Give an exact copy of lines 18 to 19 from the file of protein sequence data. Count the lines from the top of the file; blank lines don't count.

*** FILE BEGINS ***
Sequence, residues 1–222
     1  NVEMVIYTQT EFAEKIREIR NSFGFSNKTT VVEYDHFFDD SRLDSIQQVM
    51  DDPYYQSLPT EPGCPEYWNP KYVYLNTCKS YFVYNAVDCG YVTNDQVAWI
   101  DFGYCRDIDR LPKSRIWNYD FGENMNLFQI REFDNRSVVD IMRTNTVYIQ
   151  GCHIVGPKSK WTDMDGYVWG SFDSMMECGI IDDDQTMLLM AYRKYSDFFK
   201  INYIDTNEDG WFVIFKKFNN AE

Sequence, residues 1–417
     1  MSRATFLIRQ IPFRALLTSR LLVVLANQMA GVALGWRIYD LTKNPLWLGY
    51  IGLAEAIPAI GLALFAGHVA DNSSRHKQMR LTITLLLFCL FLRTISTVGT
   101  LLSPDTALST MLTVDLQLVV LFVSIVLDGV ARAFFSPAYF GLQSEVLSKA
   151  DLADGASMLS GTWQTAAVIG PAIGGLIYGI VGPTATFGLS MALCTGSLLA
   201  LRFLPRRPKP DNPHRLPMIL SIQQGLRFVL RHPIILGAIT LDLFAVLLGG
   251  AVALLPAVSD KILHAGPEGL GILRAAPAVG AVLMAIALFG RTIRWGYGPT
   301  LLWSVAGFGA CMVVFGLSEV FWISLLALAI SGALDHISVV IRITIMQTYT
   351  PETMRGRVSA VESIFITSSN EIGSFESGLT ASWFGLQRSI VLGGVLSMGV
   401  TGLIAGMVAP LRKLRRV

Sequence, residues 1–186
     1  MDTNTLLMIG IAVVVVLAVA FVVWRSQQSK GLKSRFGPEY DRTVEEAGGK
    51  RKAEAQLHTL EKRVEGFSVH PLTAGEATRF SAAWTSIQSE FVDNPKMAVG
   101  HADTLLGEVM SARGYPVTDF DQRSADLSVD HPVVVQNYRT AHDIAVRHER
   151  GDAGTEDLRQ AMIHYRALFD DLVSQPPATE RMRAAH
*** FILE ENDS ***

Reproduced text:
     1  MDTNTLLMIG IAVVVVLAVA FVVWRSQQSK GLKSRFGPEY DRTVEEAGGK
    51  RKAEAQLHTL EKRVEGFSVH PLTAGEATRF SAAWTSIQSE FVDNPKMAVG